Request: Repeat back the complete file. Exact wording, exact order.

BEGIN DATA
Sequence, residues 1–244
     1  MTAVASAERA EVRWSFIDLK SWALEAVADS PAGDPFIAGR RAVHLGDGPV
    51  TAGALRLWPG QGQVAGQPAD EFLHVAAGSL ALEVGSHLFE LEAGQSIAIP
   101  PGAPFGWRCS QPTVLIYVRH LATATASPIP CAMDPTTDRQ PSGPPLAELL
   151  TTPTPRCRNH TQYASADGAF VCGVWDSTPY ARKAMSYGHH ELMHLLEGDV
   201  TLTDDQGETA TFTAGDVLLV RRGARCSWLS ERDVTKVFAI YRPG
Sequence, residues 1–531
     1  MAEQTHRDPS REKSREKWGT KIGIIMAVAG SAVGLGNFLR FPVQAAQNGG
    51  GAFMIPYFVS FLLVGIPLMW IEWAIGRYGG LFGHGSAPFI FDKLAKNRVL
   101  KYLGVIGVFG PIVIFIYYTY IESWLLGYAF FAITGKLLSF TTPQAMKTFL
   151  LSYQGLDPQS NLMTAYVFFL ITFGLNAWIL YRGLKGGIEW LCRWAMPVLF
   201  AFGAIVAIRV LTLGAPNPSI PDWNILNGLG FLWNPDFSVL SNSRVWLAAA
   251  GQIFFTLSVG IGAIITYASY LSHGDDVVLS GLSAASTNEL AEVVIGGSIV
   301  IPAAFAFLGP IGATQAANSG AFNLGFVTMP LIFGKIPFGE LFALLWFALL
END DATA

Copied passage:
Sequence, residues 1–244
     1  MTAVASAERA EVRWSFIDLK SWALEAVADS PAGDPFIAGR RAVHLGDGPV
    51  TAGALRLWPG QGQVAGQPAD EFLHVAAGSL ALEVGSHLFE LEAGQSIAIP
   101  PGAPFGWRCS QPTVLIYVRH LATATASPIP CAMDPTTDRQ PSGPPLAELL
   151  TTPTPRCRNH TQYASADGAF VCGVWDSTPY ARKAMSYGHH ELMHLLEGDV
   201  TLTDDQGETA TFTAGDVLLV RRGARCSWLS ERDVTKVFAI YRPG
Sequence, residues 1–531
     1  MAEQTHRDPS REKSREKWGT KIGIIMAVAG SAVGLGNFLR FPVQAAQNGG
    51  GAFMIPYFVS FLLVGIPLMW IEWAIGRYGG LFGHGSAPFI FDKLAKNRVL
   101  KYLGVIGVFG PIVIFIYYTY IESWLLGYAF FAITGKLLSF TTPQAMKTFL
   151  LSYQGLDPQS NLMTAYVFFL ITFGLNAWIL YRGLKGGIEW LCRWAMPVLF
   201  AFGAIVAIRV LTLGAPNPSI PDWNILNGLG FLWNPDFSVL SNSRVWLAAA
   251  GQIFFTLSVG IGAIITYASY LSHGDDVVLS GLSAASTNEL AEVVIGGSIV
   301  IPAAFAFLGP IGATQAANSG AFNLGFVTMP LIFGKIPFGE LFALLWFALL